Dean's Kitten Tries to Overcome Odds Again

Dean's Kitten overcame a compromised first year to claw his way to Turf contention.

By Jacqueline Duke

Ken Ramsey enjoys making a good claim nearly as much as he likes winning with a homebred. But the owner of Ramsey Farm rues the day in 2008 he brought a recently claimed horse to his farm near Nicholasville, Ky.

Ramsey suspects that horse infected most of the 60 yearlings on the farm with strangles, a highly contagious upper respiratory disease. Nearly all of the yearlings were offspring from the first crop of Kitten's Joy ’s, the pride of the Ramsey stable and champion male turf horse of 2004.

The disease “went through all our yearlings. It just ruined that crop,” said Ramsey, who since added a quarantine station on the farm.

But at least one yearling seemed to suffer no ill affects from the outbreak: Dean's Kitten, named for the wife of Ramsey’s brother, Keith.

Dean’s Kitten represents America’s best hope in the European-dominated Emirates Airline Breeders’ Cup Turf (gr. IT) on Nov. 5 and is one of seven Ramsey horses contesting Breeders’ Cup races over the two days.

Dean’s Kitten is 10-1 on the morning line and faces five competitive Europeans in the nine-horse field, including early favorite Sarafina, a multiple group I-winning filly from France.

The 4-year-old Kitten’s Joy colt has stamped himself a top U.S. turf specialist, most recently finishing second by a nose to Cape Blanco in the Turf Classic Invitational (gr. IT). Before that the Mike Maker-trainee was third to the same horse in the Arlington Classic (gr. IT).

“The horse is getting better each race,” Ramsey said. “He’s training well.”

An upset win by Dean’s Kitten would go along way in avenging the defeat of his sire in the same race in 2004. The heaviest favorite on the World Thoroughbred Championships card that year, Kitten’s Joy got caught in traffic during the roughly run Turf and finished second to Better Talk Now.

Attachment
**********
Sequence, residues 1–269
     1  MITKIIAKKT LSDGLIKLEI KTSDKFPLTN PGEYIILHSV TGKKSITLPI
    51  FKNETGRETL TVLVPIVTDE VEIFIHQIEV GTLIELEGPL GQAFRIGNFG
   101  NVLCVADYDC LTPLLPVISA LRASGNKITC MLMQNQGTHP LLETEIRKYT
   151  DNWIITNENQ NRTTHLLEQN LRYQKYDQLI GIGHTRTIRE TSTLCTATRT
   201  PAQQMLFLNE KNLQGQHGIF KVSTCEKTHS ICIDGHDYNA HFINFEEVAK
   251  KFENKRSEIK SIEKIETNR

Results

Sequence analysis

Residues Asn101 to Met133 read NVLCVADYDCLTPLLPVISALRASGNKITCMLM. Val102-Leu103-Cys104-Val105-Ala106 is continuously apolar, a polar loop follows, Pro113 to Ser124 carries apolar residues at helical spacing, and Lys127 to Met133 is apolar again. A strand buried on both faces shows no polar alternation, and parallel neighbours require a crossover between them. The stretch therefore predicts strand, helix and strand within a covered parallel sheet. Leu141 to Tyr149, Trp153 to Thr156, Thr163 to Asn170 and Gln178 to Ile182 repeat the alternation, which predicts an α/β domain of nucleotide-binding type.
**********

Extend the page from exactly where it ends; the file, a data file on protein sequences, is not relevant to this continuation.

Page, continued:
As much as a Turf victory would please Ramsey, the owner thinks his Stephanie's Kitten, entered in the Breeders’ Cup Juvenile Fillies Turf (gr. IIT), gives him his best shot. The fact that John Velazquez, who picked up the winning ride in the Darley Alcibiades (gr. I) at Keeneland last month, will partner her again “bolsters my confidence,” Ramsey said.

Ramsey will delight in a victory by any Kitten’s Joy runner, as he will be selling offspring at upcoming Kentucky sales. In addition, Ramsey Farm will offer the buyers of two mares consigned to the Fasig-Tipton November select mixed sale the opportunity to breed them to Kitten’s Joy in 2012 for free.

Because of the strangles outbreak in 2008, Ramsey said, “We feel like we’re one crop behind.”

Nevertheless, Kitten’s Joy is well represented with 310 horses of racing age from three crops and they are racing on five continents, according to Ramsey.

“They’re winning the world over,” he noted.

In other Turf developments, Await the Dawn and St Nicholas Abbey arrived the evening of Nov. 1, part of the final contingent of eight colts from the stable of Aidan O’Brien. The pair will head to the track for the first time on Friday morning.

On Wednesday morning, The Aga Khan’s Sarafina cantered on the main track and Juddmonte Farms’ duo of Midday and Sea Moon also had some light exercise, the latter on the turf course.

“I’m really happy with the way he went out there. He absolutely loves the ground,” said James Savage, traveling head lad for trainer Michael Stoute.

Live Oak Plantation’s Brilliant Speed jogged one mile then galloped a similar distance under Dave Wallace in his first exercise since arriving at Churchill Downs the day before.

The 2011 Toyota Blue Grass Stakes (gr. I) winner returns to the Louisville track after finishing seventh in the Kentucky Derby (gr. I) after a very wide trip. He went on to finish third in the Belmont (gr. I) and fifth in the Jim Dandy (gr. II) before being switched back to turf racing.

“I think I’m pretty sure he prefers to be on the grass; he’s more comfortable on the grass,” trainer Tom Albertrani said. “On a certain (dirt) surface, he might handle it like the one at Churchill, but it looks like his best races have been on turf, other than the Blue Grass on synthetic.”

Also newly arrived at Churchill Downs, Teaks North walked the shedrow and grazed Wednesday morning.